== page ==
Firms approach social media with two distinctly different styles, which we can think of as billboarding and onboarding. The reason I call them “styles” is because in many cases, they are not well thought-out strategies but rather tendencies or temperaments. However, it’s important to be aware of which style you are using, because each supports a somewhat different set of objectives. In this post I’ll describe these styles in the hope it will help you shape or sharpen your social content strategy.
Common Attributes of Billboarding and Onboarding Styles
Billboarding, which is basically an old-school, one-way communication model, has these tendencies:
- A high volume of publishing on Twitter, Facebook and LinkedIn, with as much as possible prescheduled.
- Business-oriented content, primarily or exclusively.
- Emphasis on quantity rather than quality of connections.
- The use of automated feeds, with similar or identical content being shared across all social platforms.
- Content driven by SEO and topic popularity.
- A strong reliance on metrics.
- Primary objectives of brand awareness, conversion, rankings, or direct lead generation.
In contrast, onboarding is an engagement model, emphasizing two-way communication, and usually looks like this:
- Less frequent posting (usually) published in real time.
- A blend of business-oriented and personal, one-on-one or one-to-group communication.
- Emphasis on quality rather than quantity of connections.
- Unique types of content being shared on each social platform.
- Content driven by audience interest, originality, and intrinsic value.
- Less interest in precise statistical analysis.
- Primary objectives of brand loyalty, thought leadership, or referrals.
A couple things to keep in mind. First, neither of these approaches is intrinsically good or bad, although most social media thought leaders are attracted to and favor an engagement model. Second, the characteristics I just outlined are tendencies, not rules. A firm could embrace a fervent onboarding style and still concentrate heavily on metrics; a firm with a billboarding style could focus entirely on sales conversions and yet produce exceedingly high value content.
Do you have a billboarding temperament or an onboarding temparement? Here are a few ways you can tell.
- Billboarders are looking for sales leads and orders; for people to tell their networks, “This firm has a great product. You should buy one now.”
- Onboarders are looking for referrals; for people to tell their networks, “This firm is sharp. They can help you.”
- Billboarding is transactional; onboarding is relationship oriented.
- Billboarders care what you do; onboarders care what you think.
The Ultimate Style Driver: Your Audience
If you can’t decide what style you have or need, don’t despair: the world is hardly as black-and-white as I’m describing it. The good news is, if you listen, your audience will tell you whether they want billboarding or onboarding. Let me give you a couple examples.
This audience wants information. One of our clients offers glass block for sale in both retail and wholesale markets. The company is just starting to blog a little bit and put some content out in social channels. After a false start or two it became apparent that there wasn’t much interest from contractors and remodelers in having conversations — after all, these folks are busy pounding nails, not keyboards. However, people in the trades need accurate information and need it quickly. A billboarding approach makes sense because it informs potential customers about important features of the product, especially ones that are not well known or can solve an important building issue.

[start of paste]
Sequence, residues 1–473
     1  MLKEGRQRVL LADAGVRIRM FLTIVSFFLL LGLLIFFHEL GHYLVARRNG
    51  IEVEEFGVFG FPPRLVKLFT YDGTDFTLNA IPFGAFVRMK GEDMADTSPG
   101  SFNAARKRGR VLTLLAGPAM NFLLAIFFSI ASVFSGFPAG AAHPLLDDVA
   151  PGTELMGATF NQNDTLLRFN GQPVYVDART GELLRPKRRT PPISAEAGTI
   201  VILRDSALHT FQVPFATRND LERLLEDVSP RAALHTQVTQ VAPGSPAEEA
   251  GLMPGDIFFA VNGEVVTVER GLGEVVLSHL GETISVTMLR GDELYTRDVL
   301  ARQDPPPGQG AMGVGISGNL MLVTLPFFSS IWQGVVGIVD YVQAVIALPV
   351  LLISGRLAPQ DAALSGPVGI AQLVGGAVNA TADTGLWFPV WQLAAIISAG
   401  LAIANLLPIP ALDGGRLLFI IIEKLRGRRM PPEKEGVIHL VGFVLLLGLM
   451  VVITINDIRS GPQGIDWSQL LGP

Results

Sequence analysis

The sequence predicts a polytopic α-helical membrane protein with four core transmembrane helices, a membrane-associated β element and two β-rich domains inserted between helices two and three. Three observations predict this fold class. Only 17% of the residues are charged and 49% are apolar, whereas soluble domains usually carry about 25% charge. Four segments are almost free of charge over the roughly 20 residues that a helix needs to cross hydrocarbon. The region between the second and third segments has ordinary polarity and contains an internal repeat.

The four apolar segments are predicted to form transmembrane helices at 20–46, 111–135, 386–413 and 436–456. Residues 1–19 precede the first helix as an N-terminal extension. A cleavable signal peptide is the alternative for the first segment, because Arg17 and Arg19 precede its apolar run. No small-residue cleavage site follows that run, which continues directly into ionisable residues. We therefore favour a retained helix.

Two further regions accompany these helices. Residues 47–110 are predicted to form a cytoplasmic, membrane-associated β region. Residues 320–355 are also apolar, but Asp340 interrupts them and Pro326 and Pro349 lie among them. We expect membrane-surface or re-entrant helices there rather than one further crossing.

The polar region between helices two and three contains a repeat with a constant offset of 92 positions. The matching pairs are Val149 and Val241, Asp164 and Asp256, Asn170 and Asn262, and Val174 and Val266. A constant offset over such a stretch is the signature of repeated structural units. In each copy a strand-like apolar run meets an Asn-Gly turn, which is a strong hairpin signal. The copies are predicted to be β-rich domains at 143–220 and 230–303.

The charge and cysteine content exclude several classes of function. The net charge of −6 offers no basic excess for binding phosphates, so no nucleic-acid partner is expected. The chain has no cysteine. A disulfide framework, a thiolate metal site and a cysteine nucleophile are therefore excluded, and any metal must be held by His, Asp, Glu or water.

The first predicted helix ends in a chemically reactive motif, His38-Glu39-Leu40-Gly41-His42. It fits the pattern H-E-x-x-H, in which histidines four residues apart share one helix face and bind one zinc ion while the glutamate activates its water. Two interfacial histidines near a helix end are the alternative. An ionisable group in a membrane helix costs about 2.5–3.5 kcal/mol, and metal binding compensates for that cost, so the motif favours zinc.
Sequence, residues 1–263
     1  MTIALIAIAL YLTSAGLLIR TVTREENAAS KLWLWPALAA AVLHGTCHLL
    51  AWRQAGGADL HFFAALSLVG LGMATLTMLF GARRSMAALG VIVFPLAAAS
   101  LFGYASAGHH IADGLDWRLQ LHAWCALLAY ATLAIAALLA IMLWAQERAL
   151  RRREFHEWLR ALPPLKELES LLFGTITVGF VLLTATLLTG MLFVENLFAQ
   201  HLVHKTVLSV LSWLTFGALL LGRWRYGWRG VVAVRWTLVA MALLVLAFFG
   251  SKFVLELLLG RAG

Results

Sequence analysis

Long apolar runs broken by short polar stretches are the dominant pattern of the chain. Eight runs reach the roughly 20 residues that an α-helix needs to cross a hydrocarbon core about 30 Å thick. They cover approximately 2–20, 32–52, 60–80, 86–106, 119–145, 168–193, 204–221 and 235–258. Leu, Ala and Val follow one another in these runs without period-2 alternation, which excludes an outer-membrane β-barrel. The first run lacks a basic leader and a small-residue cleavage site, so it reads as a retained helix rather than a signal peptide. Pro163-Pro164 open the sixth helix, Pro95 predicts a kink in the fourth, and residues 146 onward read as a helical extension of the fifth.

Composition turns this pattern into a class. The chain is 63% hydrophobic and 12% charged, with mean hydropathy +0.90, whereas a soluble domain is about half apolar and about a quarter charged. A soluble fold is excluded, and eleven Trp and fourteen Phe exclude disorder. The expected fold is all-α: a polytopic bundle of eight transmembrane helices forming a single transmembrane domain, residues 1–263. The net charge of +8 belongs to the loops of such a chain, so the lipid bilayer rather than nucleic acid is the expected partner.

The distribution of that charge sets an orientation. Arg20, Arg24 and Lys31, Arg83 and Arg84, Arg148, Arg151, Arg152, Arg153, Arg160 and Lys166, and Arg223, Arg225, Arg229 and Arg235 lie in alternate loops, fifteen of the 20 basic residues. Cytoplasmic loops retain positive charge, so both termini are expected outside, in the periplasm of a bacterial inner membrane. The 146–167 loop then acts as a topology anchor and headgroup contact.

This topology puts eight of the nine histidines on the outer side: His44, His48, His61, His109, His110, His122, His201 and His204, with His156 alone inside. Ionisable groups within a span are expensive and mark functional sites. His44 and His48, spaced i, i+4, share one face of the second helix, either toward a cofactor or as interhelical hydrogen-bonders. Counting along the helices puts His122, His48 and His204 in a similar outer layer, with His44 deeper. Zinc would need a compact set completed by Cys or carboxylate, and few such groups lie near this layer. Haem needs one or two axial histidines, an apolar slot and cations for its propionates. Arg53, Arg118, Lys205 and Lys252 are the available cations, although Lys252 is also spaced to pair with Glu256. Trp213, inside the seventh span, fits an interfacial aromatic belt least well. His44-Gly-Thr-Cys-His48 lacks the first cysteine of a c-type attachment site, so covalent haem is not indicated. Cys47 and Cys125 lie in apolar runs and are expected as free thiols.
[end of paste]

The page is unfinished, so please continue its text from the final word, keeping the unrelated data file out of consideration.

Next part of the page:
This audience wants conversation. Here’s an example that might surprise you; it certainly surprised me. TSI offers highly technical performance measurement solutions. (When I say technical, I mean technical: we’re talking about gizmos to measure nanoparticles here.) My assumption was that their audience, which includes researchers, scientists, and techno geeks of every stripe, would be highly interested in the clinical consumption of data and not even slightly interested in dialoging. Turns out, the client’s community is very engaged and eager to talk about any number of topics. (And I learned a valuable lesson about stereotyping!)
Social Media, One Step at a Time
Quite often, firms evolve from billboarding to onboarding. Once the glass block company builds up momentum and reaches a critical mass of connections, it may find people interested in supplying user-generated content such as before-and-after remodeling photos. When your social media connections sense consistency and legitimacy, they warm up to interacting. In a business setting, most of us are reluctant to interact with complete strangers … unless there’s a problem. If your brand is not already a known quantity, an aggressive engagement strategy right out the gates could backfire badly. It may be much more productive to “warm up” the audience by pushing useful content rather than getting a cold shoulder by pushing awkward conversation. This is the danger, incidentally, of starting a social media program by copying the tactics of an established brand with an engaged community. What works for Victoria’s Secret on Facebook won’t work for you on Day One.
Over to You
What about you? Are you a billboarder or an onboarder … and why?